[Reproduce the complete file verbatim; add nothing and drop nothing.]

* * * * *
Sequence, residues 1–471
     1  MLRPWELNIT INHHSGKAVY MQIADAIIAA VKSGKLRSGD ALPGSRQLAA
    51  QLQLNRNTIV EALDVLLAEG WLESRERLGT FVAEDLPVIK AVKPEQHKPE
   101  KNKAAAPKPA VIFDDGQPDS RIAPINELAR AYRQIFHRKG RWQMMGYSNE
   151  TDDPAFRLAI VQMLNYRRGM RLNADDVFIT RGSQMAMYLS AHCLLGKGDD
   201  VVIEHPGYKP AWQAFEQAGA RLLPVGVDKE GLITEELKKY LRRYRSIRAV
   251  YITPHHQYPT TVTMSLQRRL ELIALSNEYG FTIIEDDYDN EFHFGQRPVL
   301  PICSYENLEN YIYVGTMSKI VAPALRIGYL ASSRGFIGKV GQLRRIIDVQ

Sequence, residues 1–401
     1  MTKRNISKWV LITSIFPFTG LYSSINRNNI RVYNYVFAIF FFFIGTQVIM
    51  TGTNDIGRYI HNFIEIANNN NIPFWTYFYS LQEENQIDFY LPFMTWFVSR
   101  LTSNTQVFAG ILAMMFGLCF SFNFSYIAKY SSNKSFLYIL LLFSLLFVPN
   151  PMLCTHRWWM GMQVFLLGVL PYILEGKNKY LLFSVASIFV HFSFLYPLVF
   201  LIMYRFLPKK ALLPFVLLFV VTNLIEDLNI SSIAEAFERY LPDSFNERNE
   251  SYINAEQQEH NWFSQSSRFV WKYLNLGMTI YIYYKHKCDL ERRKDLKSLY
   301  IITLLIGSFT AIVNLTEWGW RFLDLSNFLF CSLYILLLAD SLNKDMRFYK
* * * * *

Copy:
Sequence, residues 1–471
     1  MLRPWELNIT INHHSGKAVY MQIADAIIAA VKSGKLRSGD ALPGSRQLAA
    51  QLQLNRNTIV EALDVLLAEG WLESRERLGT FVAEDLPVIK AVKPEQHKPE
   101  KNKAAAPKPA VIFDDGQPDS RIAPINELAR AYRQIFHRKG RWQMMGYSNE
   151  TDDPAFRLAI VQMLNYRRGM RLNADDVFIT RGSQMAMYLS AHCLLGKGDD
   201  VVIEHPGYKP AWQAFEQAGA RLLPVGVDKE GLITEELKKY LRRYRSIRAV
   251  YITPHHQYPT TVTMSLQRRL ELIALSNEYG FTIIEDDYDN EFHFGQRPVL
   301  PICSYENLEN YIYVGTMSKI VAPALRIGYL ASSRGFIGKV GQLRRIIDVQ

Sequence, residues 1–401
     1  MTKRNISKWV LITSIFPFTG LYSSINRNNI RVYNYVFAIF FFFIGTQVIM
    51  TGTNDIGRYI HNFIEIANNN NIPFWTYFYS LQEENQIDFY LPFMTWFVSR
   101  LTSNTQVFAG ILAMMFGLCF SFNFSYIAKY SSNKSFLYIL LLFSLLFVPN
   151  PMLCTHRWWM GMQVFLLGVL PYILEGKNKY LLFSVASIFV HFSFLYPLVF
   201  LIMYRFLPKK ALLPFVLLFV VTNLIEDLNI SSIAEAFERY LPDSFNERNE
   251  SYINAEQQEH NWFSQSSRFV WKYLNLGMTI YIYYKHKCDL ERRKDLKSLY
   301  IITLLIGSFT AIVNLTEWGW RFLDLSNFLF CSLYILLLAD SLNKDMRFYK